Most of us have seen the bright yellow carpet of wildflowers that emerges in Cherokee Park in the spring. The color is striking, and you’ve probably taken a picture of it and wondered what the flower is.
We hate to burst your bubble, but when you see these flowers you are seeing an invasive monoculture that blooms at the expense of a diverse variety of native wildflowers like Virginia bluebells and Dutchman’s breeches. Fig buttercup, also known as lesser celandine, creates a dense mat of leaves starting in late winter, even before we see the yellow flower. Native flowers don’t stand a chance against fig buttercup’s abundant tubers and compact vegetation.
So, what do we do about it? Fig buttercup is established along Cherokee Park’s waterways, and our Team for Healthy Parks can’t compete with flood events that continue to spread the tubers. Therefore, in late winter we focus our efforts on areas that are still vulnerable, treating fig buttercup while surrounding vegetation is still overwintering. We try to mitigate fig buttercup in Cherokee, Seneca, Iroquois and other parks starting in February.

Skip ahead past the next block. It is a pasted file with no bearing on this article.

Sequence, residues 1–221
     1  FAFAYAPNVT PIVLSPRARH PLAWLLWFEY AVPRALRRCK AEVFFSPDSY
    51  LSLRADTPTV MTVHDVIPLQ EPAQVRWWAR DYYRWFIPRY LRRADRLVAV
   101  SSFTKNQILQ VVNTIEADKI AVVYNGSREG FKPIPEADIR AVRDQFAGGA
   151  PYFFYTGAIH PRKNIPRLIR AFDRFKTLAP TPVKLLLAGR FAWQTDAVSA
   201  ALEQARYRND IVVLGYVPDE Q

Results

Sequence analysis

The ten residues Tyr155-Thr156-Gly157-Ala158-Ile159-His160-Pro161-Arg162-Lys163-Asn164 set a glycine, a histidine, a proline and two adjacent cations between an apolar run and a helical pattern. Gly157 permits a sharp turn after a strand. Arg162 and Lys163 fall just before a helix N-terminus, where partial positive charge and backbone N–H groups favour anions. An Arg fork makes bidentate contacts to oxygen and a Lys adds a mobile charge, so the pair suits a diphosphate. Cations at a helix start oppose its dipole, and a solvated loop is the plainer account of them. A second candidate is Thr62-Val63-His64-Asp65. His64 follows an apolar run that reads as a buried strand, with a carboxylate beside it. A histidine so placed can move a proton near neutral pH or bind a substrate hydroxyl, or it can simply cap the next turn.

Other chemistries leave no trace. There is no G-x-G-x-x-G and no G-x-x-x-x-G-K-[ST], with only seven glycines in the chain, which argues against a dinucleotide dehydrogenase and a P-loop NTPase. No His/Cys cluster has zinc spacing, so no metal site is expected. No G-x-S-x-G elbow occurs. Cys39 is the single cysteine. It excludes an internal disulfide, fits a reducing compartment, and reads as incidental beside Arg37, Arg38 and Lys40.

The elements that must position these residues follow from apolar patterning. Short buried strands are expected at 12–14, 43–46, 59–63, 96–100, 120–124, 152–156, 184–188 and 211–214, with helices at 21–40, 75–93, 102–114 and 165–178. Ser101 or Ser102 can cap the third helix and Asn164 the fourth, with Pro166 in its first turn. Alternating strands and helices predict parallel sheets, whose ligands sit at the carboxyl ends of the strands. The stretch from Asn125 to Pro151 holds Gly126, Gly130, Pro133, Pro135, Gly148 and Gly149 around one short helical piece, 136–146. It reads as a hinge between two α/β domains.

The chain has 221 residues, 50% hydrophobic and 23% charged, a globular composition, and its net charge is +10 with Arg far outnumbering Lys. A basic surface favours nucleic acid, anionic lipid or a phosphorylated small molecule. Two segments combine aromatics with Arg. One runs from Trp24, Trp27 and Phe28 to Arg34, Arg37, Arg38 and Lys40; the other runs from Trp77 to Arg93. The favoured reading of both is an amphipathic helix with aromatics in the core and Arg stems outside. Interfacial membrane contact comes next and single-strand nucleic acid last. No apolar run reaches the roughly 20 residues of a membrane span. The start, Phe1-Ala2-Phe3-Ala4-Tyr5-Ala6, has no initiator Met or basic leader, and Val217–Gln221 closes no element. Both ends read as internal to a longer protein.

What can you do to help? Stay on the trails! Fig buttercup is easily spread by anyone who walks through it, and we don’t want it spreading to other areas of the park, or to your landscaping at home.